Our last stop of the day is a makeup store where they clearly make the same assumption as everyone else that day, but rather than being jerks, they are overly attentive and condescending. Since we live in a very liberal area, this is something I’m a bit more used to when going out with the kids and my boss. Under normal circumstances, I barely notice the over-eager attention we sometimes garner, but after a whole day of bigots, it just feels like it’s more scrutiny. I’m also getting hyper-aware of the kids’ behavior, worried that any perceived flaws in my caregiving will reflect poorly on LGBT families. 

The saleswoman is talking to the older child, saying, “You have a pretty cool family there, pal!” and then actually winks at me. 

In hindsight, I could have used that opportunity to correct her assumption, but I was genuinely so exhausted at that point it didn’t even occur to me. 

Finally, our errands are done and I’m happy to put one of the longest days of my life behind me. Later that night at home, I make an online donation to an LGBT charity. I spent a whole day experiencing just a taste of what LGBT families must go through and it was exhausting. Please, everyone, don’t assume, and I can promise you that cooing and doting over “different” families only feels like condescension or pity and isn’t much more fun than other forms of prejudice. Just treat everybody the same!

I Feel Sorry For This Guy’s Dog

, , , , | | Friendly | June 29, 2019

(I am a certified ASL — American Sign Language — interpreter and a volunteer for an organization that makes various resources available to the deaf community. As part of our outreach initiative, we will visit deaf individuals at their personal homes to discuss what we offer. We get a tip about a possible deaf person living in our area, so I go with my deaf friend and coworker to meet him. My coworker does not read lips, so I act as an ASL interpreter during the entire conversation. I never speak as myself the entire time and translate every word dutifully.)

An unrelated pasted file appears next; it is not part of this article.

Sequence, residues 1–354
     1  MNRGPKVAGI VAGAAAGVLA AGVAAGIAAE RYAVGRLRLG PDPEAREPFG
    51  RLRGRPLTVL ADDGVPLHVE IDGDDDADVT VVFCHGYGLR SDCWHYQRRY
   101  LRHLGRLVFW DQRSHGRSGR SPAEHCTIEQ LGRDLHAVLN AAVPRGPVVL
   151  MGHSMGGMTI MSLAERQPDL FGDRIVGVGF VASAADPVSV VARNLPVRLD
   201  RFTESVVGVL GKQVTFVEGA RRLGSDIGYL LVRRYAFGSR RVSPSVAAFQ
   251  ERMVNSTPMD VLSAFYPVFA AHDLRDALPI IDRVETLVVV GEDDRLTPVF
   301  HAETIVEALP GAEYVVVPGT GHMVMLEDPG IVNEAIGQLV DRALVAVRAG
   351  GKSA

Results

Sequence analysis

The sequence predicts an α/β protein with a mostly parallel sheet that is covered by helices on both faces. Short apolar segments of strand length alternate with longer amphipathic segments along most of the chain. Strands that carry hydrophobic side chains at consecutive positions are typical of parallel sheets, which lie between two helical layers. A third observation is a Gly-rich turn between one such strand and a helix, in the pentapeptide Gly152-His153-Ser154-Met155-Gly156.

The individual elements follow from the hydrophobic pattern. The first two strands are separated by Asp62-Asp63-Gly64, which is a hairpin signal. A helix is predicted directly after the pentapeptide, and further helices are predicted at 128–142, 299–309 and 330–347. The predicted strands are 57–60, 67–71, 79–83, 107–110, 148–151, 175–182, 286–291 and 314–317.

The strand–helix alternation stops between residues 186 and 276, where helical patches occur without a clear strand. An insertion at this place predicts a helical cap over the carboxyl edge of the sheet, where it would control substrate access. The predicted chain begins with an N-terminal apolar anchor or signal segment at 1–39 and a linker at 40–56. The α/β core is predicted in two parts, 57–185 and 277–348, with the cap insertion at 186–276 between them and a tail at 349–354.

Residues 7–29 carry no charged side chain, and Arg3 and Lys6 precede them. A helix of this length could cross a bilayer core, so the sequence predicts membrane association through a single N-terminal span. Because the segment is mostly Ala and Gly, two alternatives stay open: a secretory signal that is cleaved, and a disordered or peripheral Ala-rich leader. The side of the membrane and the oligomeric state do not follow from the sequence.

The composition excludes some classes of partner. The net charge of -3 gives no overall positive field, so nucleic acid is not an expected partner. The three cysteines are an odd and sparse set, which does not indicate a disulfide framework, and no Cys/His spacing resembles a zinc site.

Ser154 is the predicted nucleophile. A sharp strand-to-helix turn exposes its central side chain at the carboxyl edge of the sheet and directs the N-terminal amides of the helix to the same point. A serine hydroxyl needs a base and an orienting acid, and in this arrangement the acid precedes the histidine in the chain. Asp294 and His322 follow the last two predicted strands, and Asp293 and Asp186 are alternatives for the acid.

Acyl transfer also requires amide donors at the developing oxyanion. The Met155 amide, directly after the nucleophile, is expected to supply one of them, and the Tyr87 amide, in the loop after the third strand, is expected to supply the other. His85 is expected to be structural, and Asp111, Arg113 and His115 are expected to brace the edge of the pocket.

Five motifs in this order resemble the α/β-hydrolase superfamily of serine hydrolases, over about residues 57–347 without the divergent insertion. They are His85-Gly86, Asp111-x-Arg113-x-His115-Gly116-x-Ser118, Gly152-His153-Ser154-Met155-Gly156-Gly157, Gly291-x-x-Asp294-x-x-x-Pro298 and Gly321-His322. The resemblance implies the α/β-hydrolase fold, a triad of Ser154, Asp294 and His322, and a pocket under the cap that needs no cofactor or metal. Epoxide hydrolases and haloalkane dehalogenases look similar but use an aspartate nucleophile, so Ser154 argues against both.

Coworker: *signing* “Hi! My name is [Coworker] and I am deaf. Someone told us that there is a deaf man living here. I would like to meet him.” *big smile*

Homeowner: *speaking to me* “A deaf man? There’s no one deaf here.”

Coworker: *gets his attention and continues speaking in ASL* “Oh, I see. Maybe we got incorrect info. Thanks, anyway.”

Homeowner: *now speaking, as he should, to my coworker* “So, you’re deaf, huh? You can’t understand my words?”

(This seems innocent enough, as many people are curious when someone’s using an interpreter. And people tend to like watching sign language. We would be happy to answer a few questions if he is talkative. But it quickly turns ugly.)

Coworker: “That’s correct. Although I read and write in English just fine, I can’t hear it and I don’t speak it.”

Homeowner: *points to me* “So, without him, you could never understand anyone?”

Coworker: “I usually do just fine without an interpreter, actually.”

Homeowner: “This is so fun. It’s like I’m talking to a dog. I talk, and you just have no idea what I’m saying. You’re just watching me talk with a smile.”

Coworker: *stunned*

Homeowner: “I talk, and you know it’s meant for you. And you want to tell me something back. But you just can’t. It’s just like talking to a dog.”

(The man continued on for another minute or so, referring to my friend as a dog the entire time. My coworker eventually threw his hands up, giving up, and we walked away. It would have been rude of me to cut off my friend and speak up; instead, I had to stand there and translate the insults for him. It was agony.)

If You Wanna Be My Lover, You Gotta Get With My Jams

, , , , , , , | | Friendly | June 27, 2019

I’m driving to work, and the turn arrow I need turns red just as I pull up. I’m annoyed, as this is a major intersection, and it’ll be at least two minutes before the arrow changes.

However, at that instant, the radio changes to “Wannabe” by the Spice Girls. Knowing how long the light is, I crank the volume, roll down my windows, and rock out. About a minute in, I glance at the car on my left: the driver looks at me with pure judgment. I ignore them and look over at the big rig on my right.

The driver is also rocking out, and I realize he’s also jamming to the Spice Girls. We make eye contact and exchange thumbs-up before going our separate ways.